Prior to construction, surveys of birds, fish and shellfish, benthic and marine mammals were undertaken to identify the use of the area by marine life.
It was found that the Black Bream spawning at the Kingmere Reef Marine Conservation Zone were particularly sensitive to noise during foundation piling, and therefore stoped the piling activities during the most sensitive breeding season (from April to July).
Piling noise can also impact on marine mammals so before any piling activities were started, specialised marine mammal observers were on site to look out for any animals in the sea near the piling activities. Piling is put on hold until the animals are no longer in the area.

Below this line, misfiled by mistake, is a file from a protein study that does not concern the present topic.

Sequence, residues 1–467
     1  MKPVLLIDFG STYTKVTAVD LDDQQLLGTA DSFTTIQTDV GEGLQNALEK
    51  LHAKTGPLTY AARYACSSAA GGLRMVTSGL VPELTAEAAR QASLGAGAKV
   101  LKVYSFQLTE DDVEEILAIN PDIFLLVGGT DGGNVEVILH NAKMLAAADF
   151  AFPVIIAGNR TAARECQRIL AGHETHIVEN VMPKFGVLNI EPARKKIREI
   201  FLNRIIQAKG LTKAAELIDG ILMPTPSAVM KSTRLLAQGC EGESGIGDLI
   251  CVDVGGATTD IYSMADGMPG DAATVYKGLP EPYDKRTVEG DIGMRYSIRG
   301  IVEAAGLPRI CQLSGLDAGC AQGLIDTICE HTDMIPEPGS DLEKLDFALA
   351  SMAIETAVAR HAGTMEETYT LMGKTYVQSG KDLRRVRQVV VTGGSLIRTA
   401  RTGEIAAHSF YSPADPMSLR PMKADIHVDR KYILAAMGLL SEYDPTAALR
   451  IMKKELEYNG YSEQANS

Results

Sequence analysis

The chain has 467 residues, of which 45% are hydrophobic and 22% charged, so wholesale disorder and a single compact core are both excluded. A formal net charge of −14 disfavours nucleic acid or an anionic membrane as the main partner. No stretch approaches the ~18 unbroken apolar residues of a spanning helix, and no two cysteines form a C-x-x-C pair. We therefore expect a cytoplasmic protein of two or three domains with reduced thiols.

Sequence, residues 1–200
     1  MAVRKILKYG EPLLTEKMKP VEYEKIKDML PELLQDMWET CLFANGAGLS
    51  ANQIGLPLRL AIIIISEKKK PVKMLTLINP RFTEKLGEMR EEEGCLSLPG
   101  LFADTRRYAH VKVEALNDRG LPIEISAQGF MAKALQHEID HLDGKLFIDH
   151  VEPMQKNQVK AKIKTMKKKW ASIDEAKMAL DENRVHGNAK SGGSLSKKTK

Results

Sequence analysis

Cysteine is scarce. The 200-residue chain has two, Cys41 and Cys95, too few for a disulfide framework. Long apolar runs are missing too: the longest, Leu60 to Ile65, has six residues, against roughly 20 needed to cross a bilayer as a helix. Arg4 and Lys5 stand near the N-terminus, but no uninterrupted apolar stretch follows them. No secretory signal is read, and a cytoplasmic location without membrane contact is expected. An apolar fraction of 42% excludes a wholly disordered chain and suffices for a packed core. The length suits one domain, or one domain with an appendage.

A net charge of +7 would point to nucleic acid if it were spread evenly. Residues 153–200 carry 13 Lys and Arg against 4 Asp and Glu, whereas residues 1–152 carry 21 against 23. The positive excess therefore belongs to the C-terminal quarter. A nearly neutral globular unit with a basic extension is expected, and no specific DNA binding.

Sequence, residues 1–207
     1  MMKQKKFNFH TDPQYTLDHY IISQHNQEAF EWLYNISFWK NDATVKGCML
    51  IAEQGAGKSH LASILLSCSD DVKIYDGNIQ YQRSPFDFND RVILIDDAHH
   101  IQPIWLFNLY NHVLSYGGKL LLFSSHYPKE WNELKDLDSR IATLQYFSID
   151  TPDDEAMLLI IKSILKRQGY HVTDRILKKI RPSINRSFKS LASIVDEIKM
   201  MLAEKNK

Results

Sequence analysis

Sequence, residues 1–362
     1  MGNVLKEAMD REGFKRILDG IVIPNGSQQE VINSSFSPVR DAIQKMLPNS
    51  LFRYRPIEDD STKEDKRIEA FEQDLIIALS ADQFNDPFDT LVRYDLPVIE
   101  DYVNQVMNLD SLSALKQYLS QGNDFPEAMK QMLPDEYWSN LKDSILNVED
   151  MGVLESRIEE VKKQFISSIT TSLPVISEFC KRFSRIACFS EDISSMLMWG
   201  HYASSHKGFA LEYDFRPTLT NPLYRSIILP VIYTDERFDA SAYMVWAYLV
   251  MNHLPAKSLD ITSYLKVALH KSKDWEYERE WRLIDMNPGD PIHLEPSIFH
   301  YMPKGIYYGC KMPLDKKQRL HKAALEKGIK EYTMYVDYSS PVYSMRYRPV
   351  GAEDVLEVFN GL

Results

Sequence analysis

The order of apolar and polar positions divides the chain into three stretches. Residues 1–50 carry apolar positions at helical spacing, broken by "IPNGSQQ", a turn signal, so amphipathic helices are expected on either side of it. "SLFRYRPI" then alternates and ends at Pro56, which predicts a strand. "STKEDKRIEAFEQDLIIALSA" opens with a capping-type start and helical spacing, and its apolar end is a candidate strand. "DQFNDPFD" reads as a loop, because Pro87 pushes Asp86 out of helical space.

When piling at night passive acoustic monitoring devices were used to to identify the presence of mammals. Throughout the campaign the observers spotted two harbour porpoise – although neither of these were in the wind farm site itself, but in the transit corridor between their base at Shoreham Harbour and the wind farm.
Although there are a number of seabird species along the South Coast, an assessment of the potential impacts to birds by ornithological experts determined that the presence of the wind farm would not result in any significant impacts to birds in the area.
Once construction is completed, further fish and shellfish plus benthic ecology surveys will be undertaken, as agreed with the authorities, to determine whether the presence of the wind farm has led to any changes in the use of the site by marine life.